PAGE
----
Barbara Flinn, our Cedar Hill activity director extraordinaire, is retiring March 29th after 20 years and 27 days of service. For most of those 20 years, she was the Director of Activities at Cedar Hill Health Care and Victorian House, taking a three-year break to be the Executive Director of the Village at Cedar Hill. Barb won the Health Care Association’s Activity Director of the Year award and has been an active member of the Association’s activity director’s education group. She is also a certified Activity Director, a Certified Dementia Practitioner AP-BC, Activity Professional – Board Certified.

Q & A With Patricia Horn, Community Executive Director

How did you come to work as an activity director at Cedar Hill?

It was 1999. My husband kept telling me there was a job at Cedar Hill for an activity assistant. I was working in activities at another home. Finally, I called Cedar Hill. Sheila, the activity director, told me that if I wanted to interview for the job, I had to come that day. I said, “But I am in jeans.” She said to come in anyway. As I was filling out the application, Sheila suddenly got up and said, “I’ll be right back.” When she came back, she said: “Come with me.” I told her I wasn’t finished with the application. She said, “Mary Louise wants to see you.” I didn’t know who Mary Louise was, but I went to meet her and found out she was the owner and administrator. Mary Louise asked me some questions. About 10 minutes in, she said, “Do you want the job?” I said, “I haven’t filled out my application.”
She looked at me and said again “Do you want the job?” I said “yes.” She said, “Well, it’s yours.” So in about 20 minutes, my life changed.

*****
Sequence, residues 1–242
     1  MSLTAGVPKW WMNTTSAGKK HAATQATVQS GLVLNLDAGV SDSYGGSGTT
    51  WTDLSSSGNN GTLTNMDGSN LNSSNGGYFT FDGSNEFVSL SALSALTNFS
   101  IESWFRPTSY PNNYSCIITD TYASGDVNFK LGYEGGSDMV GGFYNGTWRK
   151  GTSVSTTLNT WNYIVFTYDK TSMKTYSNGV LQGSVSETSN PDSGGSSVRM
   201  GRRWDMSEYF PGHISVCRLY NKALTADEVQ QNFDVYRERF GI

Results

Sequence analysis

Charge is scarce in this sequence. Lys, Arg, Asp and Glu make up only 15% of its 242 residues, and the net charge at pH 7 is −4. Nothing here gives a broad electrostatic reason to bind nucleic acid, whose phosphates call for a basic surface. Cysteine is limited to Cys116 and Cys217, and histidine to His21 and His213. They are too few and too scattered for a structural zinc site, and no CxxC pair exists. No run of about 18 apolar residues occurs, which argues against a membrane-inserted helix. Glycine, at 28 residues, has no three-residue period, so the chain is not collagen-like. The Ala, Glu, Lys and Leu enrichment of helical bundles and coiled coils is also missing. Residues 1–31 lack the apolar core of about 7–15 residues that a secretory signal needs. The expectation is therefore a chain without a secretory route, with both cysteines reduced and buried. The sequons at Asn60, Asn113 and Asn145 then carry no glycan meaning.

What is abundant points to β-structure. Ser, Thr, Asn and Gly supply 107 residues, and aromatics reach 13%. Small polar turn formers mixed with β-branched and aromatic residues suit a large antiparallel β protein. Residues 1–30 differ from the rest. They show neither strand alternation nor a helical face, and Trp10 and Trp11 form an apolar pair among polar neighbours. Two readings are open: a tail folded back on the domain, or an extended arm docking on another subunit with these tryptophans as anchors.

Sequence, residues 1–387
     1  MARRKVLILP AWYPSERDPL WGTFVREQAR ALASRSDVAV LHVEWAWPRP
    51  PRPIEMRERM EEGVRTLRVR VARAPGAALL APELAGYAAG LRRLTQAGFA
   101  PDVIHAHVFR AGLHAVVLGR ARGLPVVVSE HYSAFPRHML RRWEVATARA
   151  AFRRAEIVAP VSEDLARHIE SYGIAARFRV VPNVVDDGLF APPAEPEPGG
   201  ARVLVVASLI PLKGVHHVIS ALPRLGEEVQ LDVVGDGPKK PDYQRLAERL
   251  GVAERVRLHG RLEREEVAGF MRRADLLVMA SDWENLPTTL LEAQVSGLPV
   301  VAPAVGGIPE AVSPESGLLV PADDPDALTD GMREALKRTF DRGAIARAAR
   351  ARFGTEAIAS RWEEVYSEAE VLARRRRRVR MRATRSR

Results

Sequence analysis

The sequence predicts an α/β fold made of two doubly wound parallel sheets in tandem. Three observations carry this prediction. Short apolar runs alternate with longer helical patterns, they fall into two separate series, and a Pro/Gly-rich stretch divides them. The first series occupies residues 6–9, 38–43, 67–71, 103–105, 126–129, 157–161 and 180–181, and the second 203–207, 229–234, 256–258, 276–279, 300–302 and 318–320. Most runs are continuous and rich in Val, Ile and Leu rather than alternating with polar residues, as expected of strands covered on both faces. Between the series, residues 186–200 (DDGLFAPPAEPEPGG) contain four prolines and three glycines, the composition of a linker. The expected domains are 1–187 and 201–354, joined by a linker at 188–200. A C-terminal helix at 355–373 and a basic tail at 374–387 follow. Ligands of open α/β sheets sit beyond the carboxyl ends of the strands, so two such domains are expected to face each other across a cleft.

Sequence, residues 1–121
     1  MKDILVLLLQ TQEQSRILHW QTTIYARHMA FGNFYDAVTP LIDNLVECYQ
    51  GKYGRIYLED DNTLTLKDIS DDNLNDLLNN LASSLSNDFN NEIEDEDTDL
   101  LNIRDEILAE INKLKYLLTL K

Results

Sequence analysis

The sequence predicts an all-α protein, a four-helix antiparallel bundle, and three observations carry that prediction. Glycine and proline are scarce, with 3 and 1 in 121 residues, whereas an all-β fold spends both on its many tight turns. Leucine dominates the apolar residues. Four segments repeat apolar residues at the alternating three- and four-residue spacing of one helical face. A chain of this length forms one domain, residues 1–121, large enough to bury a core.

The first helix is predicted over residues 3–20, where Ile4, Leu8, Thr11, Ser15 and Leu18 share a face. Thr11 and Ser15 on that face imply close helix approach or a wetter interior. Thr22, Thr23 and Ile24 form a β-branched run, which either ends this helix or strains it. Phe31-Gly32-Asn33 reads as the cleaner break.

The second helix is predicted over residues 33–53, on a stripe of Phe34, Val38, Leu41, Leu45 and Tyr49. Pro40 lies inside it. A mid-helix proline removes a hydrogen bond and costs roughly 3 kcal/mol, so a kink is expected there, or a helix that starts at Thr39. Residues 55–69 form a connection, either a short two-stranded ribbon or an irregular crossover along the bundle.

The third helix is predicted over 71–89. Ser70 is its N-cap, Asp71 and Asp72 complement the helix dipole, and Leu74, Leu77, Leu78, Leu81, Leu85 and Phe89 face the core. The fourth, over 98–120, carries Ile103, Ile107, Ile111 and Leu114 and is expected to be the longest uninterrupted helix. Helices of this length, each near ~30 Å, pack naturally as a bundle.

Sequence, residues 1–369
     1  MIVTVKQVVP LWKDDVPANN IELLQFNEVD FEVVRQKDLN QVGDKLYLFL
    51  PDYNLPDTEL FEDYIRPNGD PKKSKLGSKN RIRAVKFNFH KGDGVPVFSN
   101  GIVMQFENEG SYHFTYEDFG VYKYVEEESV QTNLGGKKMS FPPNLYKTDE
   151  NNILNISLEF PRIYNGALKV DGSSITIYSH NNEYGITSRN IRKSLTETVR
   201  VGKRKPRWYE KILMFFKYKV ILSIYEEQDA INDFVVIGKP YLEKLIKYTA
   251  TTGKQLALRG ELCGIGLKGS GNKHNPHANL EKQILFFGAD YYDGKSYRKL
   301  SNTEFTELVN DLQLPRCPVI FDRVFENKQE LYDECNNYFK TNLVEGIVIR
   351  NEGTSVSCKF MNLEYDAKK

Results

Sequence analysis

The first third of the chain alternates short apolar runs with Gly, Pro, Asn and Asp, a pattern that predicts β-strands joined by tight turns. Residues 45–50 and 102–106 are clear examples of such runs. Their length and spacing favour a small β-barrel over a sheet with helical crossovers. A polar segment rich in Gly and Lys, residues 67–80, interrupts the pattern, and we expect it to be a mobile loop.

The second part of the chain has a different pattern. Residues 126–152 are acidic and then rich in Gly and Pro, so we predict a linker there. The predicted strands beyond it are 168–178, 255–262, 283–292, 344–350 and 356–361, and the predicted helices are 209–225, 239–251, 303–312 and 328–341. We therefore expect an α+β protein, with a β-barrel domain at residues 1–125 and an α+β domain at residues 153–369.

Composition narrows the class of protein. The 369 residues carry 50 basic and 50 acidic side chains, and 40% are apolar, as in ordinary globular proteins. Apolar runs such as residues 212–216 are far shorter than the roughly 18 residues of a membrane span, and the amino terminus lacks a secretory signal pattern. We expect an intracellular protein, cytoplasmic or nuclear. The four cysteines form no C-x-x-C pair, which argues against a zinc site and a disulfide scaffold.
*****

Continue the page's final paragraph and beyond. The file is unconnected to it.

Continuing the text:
What was the job?

I was the activity assistant working Tuesday to Saturday, 9 am to 5:30 pm. Sheila Minkler was my boss. I worked for her for about a year before she retired to Florida. When that happened, I got kind of antsy. I said to Mary Louise, “Now what?” She said, “You are the activity director now.” Everything just fell into place.

How has the program changed?

We have come a long way in developing the program. We went from offering it six days a week, from 8 am to 5:30 pm, to 7 days a week, 7:30 am to 8 pm. Our staff went from two people, including me, to six people – some full time and some part-time.

We continue to have all the unusual animals coming through the facility – mini donkeys, alpacas, baby lambs and goats, birds, bunnies, baby chicks, horses and mini horses, chickens, roosters, cats, dogs. Our visiting entertainers – musicians, magicians, VINS, school groups – have improved. Responsibility and regulations have grown. We are more tech savvy. We offer ‘skyping’ to families.

We have a Kindle and a laptop for short-term residents. We have worked with schools and book authors online via Skype. We have added a chaplain. Connie Moser was our first and now we have Rev. Janice. Others ministers visit as well.

We started gardening. We started fair week. We make fried bread dough. We have a popcorn machine. We started memorial services for families and residents.

We still can’t get away from bingo – so many people love it.

The point of activities is to give people a purpose. If you want to bake, we say, “let’s make a cake and you are in charge of it.” Sometimes residents don’t want to get involved but they will wander out and we help them to make friends and connections with others. With a short term resident recently, I gave him a hand massage and then he said, “Can you do my feet?” He had stayed in his room all day but after that, he started coming out and participating. It made his time with us more meaningful.